Game animals, like game birds, are much leaner than their domestic counterparts. They exercise their muscles every day, which means the animals are smaller, the meat is denser with tougher connective tissue, the flavor is richer, and each bite is more filling. Wild boar or hog, for example, has less fat and a stronger flavor, depending on what it was eating and how it was killed. For store-bought subst.i.tutes, a large hog will be most equivalent to a heritage breed pig, not a factory-farmed one. Venison is most similar to gra.s.s-fed beef, not feedlot beef, though the meat will still be much leaner. Cottontail rabbits are half the size of the domestic ones you can buy. Unlike the consistency of domestic meat, that of each wild animal is different from the last; the best way to get an indication of the animal's flavor and its diet is to render the fat, smell it, taste it, and treat each animal as a grand culinary adventure unlike any you have had before.
Voltaire once said, "The bird of the Phasis is a dish for the G.o.ds." Jean Anthelme Brillat-Savarin wrote, "Above all feathered game should come the pheasant, but once again few mortal men know how to present it best. A pheasant eaten within a week after its death is more worthless than a pullet, because its real merit comes in its heightening flavor."
The beautiful taste of a well-aged animal came by virtue of necessity. Refrigeration wasn't available until the twentieth century, which meant that people learned to enjoy game birds whose breast meat was aged until green. But as my friend the British gamekeeper once pointed out, people don't like their meat "high" anymore, or rather, rotten tasting. Their taste buds are no longer suited to it since the advent of refrigeration.
Certain game birds today, however, when relatively undamaged by shot, left in their feathers with intestines intact, and aged for a period of time, are much better tasting than when eaten fresh. Certain game animals are better tasting, too, when aged, particularly deer. Those animals that benefit most are: upland game birds, doves, pigeons, ducks, and antlered game.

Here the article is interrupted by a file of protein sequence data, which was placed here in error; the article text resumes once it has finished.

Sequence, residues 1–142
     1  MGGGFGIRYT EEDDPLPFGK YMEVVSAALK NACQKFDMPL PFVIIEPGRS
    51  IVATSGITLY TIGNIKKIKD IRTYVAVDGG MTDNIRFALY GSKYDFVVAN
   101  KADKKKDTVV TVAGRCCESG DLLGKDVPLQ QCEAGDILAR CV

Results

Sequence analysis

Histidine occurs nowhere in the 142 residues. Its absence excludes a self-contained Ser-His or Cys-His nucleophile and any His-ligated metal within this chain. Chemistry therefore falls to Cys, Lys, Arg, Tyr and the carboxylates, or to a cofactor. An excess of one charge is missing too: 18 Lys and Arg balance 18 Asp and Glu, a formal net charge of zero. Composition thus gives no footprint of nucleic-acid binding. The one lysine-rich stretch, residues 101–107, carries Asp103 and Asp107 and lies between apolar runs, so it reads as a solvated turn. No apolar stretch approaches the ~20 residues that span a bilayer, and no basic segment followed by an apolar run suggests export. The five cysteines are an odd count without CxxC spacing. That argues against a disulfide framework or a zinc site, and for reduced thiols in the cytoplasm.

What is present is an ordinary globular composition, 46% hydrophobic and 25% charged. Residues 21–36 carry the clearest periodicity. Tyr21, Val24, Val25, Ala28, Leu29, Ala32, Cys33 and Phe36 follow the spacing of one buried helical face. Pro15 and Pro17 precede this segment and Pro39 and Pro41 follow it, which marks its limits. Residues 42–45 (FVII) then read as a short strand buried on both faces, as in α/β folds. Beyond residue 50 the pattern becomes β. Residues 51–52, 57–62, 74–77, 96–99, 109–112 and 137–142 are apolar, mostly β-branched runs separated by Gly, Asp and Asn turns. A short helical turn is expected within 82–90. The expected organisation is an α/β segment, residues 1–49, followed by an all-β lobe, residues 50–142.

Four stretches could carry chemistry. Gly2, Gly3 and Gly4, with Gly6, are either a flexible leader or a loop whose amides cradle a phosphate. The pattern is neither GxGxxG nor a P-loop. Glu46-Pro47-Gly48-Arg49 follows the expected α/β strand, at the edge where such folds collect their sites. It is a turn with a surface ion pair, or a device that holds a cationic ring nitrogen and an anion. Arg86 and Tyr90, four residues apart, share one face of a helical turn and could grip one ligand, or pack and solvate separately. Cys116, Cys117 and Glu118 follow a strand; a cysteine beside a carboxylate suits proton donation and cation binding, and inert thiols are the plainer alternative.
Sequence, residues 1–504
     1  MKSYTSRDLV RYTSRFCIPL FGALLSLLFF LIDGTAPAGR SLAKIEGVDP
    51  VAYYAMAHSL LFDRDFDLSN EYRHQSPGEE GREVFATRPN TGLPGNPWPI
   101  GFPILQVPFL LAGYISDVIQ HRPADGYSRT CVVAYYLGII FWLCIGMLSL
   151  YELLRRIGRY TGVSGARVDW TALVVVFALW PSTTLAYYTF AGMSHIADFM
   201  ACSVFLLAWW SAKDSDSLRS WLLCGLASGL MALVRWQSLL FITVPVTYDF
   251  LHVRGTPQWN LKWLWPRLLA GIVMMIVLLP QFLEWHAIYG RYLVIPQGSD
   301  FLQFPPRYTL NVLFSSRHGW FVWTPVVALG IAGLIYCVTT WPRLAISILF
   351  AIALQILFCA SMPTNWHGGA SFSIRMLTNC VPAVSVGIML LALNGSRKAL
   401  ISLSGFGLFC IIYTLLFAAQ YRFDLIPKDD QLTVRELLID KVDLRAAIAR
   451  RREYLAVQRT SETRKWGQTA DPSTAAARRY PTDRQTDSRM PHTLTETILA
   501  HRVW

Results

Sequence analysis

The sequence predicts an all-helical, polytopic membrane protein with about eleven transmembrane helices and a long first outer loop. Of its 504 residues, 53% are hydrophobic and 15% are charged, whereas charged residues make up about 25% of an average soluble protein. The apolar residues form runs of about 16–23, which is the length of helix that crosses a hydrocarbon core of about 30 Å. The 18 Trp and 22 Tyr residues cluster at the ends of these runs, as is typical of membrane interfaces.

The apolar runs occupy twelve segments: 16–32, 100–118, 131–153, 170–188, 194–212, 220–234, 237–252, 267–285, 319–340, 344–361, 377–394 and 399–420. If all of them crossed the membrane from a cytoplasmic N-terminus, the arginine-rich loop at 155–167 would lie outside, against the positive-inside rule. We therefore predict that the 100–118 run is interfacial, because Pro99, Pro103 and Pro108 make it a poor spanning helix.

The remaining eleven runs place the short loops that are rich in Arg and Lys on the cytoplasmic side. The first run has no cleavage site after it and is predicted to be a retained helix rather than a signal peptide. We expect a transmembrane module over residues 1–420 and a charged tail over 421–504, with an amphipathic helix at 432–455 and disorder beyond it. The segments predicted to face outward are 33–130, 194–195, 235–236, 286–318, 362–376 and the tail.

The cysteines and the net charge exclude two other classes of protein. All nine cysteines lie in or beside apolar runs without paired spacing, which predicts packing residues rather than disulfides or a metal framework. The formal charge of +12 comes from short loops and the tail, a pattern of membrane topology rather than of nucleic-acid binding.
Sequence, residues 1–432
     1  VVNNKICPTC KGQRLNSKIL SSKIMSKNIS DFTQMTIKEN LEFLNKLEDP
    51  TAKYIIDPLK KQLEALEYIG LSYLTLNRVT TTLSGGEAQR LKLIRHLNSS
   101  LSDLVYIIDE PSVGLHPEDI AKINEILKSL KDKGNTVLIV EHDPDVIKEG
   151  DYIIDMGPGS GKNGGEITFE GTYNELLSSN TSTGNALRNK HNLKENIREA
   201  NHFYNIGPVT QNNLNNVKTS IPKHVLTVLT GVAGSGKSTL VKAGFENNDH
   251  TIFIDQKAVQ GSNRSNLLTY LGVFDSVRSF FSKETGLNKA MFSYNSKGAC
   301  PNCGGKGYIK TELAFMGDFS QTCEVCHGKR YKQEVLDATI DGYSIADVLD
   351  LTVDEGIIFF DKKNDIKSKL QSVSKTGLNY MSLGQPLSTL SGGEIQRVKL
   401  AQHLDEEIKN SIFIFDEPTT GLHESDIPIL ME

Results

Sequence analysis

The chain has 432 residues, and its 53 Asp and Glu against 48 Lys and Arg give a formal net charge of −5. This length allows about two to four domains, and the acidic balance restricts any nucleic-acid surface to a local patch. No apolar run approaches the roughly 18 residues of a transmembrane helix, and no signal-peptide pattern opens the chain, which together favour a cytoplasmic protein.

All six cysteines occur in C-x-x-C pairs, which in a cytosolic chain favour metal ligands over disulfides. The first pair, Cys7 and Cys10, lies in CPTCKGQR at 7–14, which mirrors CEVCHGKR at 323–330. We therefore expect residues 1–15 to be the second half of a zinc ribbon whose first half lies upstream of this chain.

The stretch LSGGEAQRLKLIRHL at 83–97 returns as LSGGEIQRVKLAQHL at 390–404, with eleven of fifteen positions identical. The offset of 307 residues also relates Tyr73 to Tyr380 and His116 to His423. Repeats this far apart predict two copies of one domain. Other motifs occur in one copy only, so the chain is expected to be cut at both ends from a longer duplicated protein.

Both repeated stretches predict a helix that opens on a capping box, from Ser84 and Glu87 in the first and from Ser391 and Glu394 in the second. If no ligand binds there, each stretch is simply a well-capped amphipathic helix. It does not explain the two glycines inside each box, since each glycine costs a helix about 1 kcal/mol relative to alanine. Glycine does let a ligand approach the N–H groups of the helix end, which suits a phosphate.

Unlike domestic animals, wild ones have that rich, variable flavor, because they are often older at death, exercise freely, and enjoy a mixed diet. The wild flavors that result from cooking these animals are often described as "gamey." In Brillat-Savarin's day, game was hung until it began to rot-a treatment they called mortification or faisandage (after the pheasant, faisan)-which not only tenderized the meat but heightened the wild, gamey flavor even further.
The thought of this makes today's eaters recoil. We are used to meat that is tender, and very mild (I would even suggest flavorless). This is because today's farmed animals live a very different lifestyle than their ancestors or wild counterparts-they are sedentary, eat a uniform diet, and are slaughtered before they reach s.e.xual maturity. It is not surprising then, that it takes a slightly different approach to properly cook a wild animal, and the secret lies in proper aging.
Aging is a change in the activity of muscle enzymes. At death, the enzymes begin to deteriorate cell molecules indiscriminately. Large flavorless molecules become smaller, flavorful segments; proteins become savory amino acids; glycogen becomes sweet glucose; fats become aromatic. All of this deterioration and breakdown of the cell molecules creates intense flavor, which improves further upon cooking, particularly slow braising.
This shift in enzyme activity also tenderizes the meat by weakening the proteins that hold things in their place. The collagen in connective tissue also begins to weaken, causing it to dissolve into gelatin during cooking, and help it retain moisture.
Because any meat that is aged tastes so much better than meat that is not, it would seem logical that modern meat producers would age their meat-but they do not. It is simply a matter of lost time and economics-an unwillingness to tie up product in cold storage and lose 20 percent of the meat's original weight to evaporation, in the name of taste. The number of days between slaughter and the dinner table are very few.
The good news is that home cooks can age meat in their own kitchen. With store-bought meat, it is simply a matter of leaving it uncovered in the refrigerator to allow for evaporation (in the case of roasts and other large cuts), or storing it tightly wrapped (in the case of steaks and smaller cuts). After the extra aging, all one has to do is trim off any discolored or dry spots that occurred from drying and oxidation.
Some things are useful to have in your kitchen if you are going to hunt your own meat and cook it well.
Large plastic brining bags
Smoker, stovetop or outdoor